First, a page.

A pricey New Hampshire overnight camp was abruptly canceled after after it descended into a “Fyre Festival” like debacle — complete with tales of fist fights, unsanitary meals and mass vomiting.
Camp Quinebarge directors told parents who paid $3,400 for a two week stay to pick up their kids after only six days this month, following a “summer of challenges” that drew comparisons to the infamous Fyre Festival, The Boston Globe reported.
The closure of the 85-year-old camp in Moultonborough, NH, was initially blamed on food supply problems, but parents later learned that the camp was reeling from a number of issues, including undertrained counselors who were quitting and getting fired en masse.
Other problems included a camper who attacked both staff and fellow children, dirty dishes provided at meal time — and reports of multiple children vomiting and being quarantined, according to the article.
One child’s letter home, provided to the newspaper by his father, read like a parody of a camping trip gone wrong, the outlet noted.
“We have been in tears, bored, and devastated the whole day. [The camp director] is lying to you all,” the camper reportedly wrote.
“You have to trust us. You have to. We are not joking and we are not having fun. So many things are wrong with this place,” the camper added.
More than a dozen parents, current and former staff and campers spoke to the newspaper about the fiasco, which drew comparisons to the 2017 Fyre Festival, a would-be luxury Caribbean music festival that advertised luxury accommodations but delivered FEMA tents and prison food, the article said.
The first signs of trouble reportedly emerged when Quinebarge was suffering a hiring crunch as enrollment surged.
Eric Carlson, the camp’s executive director sent an urgent email to parents two weeks before children arrived to advise them of the situation, according to the report.
“We are in desperate need of additional staff for this summer,” Carlson reportedly wrote, adding that 15 staffers had recently “dropped or ghosted” their jobs.
“I was hired about four days before campers arrived,” MJ Lowry, a 21-year-old counselor told the paper.
“They just kind of said, ‘Hey you were referred, we’ll send you the application. You seem to be qualified, do you want the position?’”
“I played kickball, and got to see the turtle and the frog in the pond and learn about tadpoles. It was stuff like that,” Lowry told the paper of her brief training.
One 19-year-old staffer, a former camper who had no intention of working at Quinebarge, said he accepted a last minute job offer out of desperation, the article said.
“My options were either emergency housing or Camp Quinebarge,” Chris Bigler reportedly said.
Kayden Gove, 8, told the paper he was hit in the head with a wooden block by another camper, who also attacked Bigler, according to the report.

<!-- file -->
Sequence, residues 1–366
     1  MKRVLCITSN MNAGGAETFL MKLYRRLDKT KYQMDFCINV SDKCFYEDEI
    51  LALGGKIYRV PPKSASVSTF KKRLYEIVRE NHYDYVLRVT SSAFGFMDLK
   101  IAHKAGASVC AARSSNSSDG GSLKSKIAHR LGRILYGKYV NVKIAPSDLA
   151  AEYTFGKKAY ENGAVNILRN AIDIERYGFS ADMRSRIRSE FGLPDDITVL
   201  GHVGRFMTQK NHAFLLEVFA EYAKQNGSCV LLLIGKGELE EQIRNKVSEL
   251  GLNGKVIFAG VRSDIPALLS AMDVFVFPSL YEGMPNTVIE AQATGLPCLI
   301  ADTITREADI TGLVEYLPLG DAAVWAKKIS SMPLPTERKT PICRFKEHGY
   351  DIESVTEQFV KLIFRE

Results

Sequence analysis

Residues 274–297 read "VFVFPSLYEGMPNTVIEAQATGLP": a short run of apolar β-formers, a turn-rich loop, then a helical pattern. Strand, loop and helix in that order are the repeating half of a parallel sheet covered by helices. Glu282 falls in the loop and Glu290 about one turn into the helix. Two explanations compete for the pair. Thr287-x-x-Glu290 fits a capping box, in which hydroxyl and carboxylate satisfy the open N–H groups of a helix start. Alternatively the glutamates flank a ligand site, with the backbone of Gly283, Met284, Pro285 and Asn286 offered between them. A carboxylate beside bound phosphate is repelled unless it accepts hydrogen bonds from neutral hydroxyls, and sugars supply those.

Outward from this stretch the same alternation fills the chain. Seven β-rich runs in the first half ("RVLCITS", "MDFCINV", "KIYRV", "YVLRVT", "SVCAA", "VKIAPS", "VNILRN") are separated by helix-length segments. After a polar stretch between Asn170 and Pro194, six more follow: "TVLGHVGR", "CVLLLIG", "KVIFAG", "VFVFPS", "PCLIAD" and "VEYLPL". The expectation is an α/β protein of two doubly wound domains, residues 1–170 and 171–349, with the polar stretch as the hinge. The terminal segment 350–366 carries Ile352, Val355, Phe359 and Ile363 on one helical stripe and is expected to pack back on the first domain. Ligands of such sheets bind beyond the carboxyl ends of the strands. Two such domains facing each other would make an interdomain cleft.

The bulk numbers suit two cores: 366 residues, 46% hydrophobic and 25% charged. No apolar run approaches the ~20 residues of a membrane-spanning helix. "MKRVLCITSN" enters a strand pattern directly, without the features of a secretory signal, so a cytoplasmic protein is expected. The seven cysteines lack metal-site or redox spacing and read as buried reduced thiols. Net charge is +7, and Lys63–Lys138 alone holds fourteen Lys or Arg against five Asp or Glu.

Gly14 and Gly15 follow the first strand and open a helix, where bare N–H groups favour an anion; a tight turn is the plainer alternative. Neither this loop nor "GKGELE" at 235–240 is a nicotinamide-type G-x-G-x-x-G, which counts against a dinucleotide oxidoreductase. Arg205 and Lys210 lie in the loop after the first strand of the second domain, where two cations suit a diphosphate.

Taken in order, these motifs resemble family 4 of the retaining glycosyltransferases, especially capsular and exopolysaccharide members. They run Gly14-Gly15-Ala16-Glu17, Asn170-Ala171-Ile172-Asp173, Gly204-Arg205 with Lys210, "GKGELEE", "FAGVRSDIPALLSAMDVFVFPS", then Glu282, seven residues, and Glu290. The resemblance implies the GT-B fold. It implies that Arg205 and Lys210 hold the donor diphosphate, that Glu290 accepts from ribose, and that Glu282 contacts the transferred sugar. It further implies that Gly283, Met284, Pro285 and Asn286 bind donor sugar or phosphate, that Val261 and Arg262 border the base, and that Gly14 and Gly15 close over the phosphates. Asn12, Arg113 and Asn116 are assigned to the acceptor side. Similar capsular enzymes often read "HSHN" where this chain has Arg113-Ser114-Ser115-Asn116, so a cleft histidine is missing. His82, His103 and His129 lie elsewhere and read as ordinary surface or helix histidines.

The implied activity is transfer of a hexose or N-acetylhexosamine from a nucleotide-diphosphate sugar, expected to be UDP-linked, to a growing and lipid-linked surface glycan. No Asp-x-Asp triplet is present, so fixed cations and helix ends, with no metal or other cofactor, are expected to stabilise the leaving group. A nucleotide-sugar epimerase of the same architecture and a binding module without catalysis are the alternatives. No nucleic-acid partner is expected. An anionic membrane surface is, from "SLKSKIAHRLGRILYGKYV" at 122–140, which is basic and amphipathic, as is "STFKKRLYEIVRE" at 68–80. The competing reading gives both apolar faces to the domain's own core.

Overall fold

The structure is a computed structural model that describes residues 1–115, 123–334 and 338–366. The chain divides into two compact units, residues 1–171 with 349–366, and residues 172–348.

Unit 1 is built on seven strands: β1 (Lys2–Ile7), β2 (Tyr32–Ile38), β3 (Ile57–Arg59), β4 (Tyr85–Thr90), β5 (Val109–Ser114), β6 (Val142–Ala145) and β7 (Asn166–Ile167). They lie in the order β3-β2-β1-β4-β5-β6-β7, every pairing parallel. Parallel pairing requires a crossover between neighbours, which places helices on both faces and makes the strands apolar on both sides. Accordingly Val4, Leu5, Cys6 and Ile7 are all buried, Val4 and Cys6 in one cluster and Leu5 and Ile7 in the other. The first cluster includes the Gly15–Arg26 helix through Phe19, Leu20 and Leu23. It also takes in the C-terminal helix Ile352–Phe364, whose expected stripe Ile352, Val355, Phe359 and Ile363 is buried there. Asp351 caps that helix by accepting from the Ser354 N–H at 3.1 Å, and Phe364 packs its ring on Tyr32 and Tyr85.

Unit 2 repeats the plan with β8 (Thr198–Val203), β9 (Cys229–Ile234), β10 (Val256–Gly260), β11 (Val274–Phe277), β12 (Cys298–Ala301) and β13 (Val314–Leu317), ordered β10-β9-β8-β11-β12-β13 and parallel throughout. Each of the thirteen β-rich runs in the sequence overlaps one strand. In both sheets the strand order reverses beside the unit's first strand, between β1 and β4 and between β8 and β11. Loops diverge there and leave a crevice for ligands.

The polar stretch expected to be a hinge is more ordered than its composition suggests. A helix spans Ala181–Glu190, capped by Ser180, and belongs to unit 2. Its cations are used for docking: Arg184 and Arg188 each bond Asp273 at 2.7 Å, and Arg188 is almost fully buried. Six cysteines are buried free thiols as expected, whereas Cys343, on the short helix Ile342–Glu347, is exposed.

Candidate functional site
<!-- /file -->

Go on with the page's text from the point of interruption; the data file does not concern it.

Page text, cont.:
“Shock does not even begin to cover it,” parent Rebecca Gove reportedly wrote to the camp.
A broken dishwasher in the kitchen meant dirty dishes were given to kids at mealtime, food prep counselor Caliban Chesterfield reportedly said, an account which Carlson disputed to the outlet.
A cook was also fired after serving a staffer’s child a mostly raw meatball, according to the article.
Four children were also reportedly quarantined after experiencing unexplained bouts of vomiting during the trip.
Additionally, trans counselors said they did not feel comfortable at the “LGBT friendly summer camp,” and several kids were withdrawn because their parents did not want them living among trans and nonbinary campers and staff, the report said.
The day before Carlson asked parents to pick up their kids, he emailed parents telling them “the past couple of days have been a bit rough,” but campers were “overwhelmingly having a good time,” according to the article.
Carlson said the premature closing was related to delays with food supply and industry wide staffing issues, the article said.
Some parents interviewed by The Globe said they believed those reasons were excuses to justify a season plagued by deeper issues.
“We sincerely apologize to all those families and staff members who had their summer plans interrupted by our premature closure,” Carlson reportedly wrote in a statement, adding that the camp will continue its storied history next year.
“Upon reflection, we know that camp is only good for the kids if we can ensure their health and safety,” Carlson, his wife and camp director Nick Hercules wrote to parents, according to the article.
“That is why as soon as we finish our closing work for 2021, we will begin preparing for summer 2022.”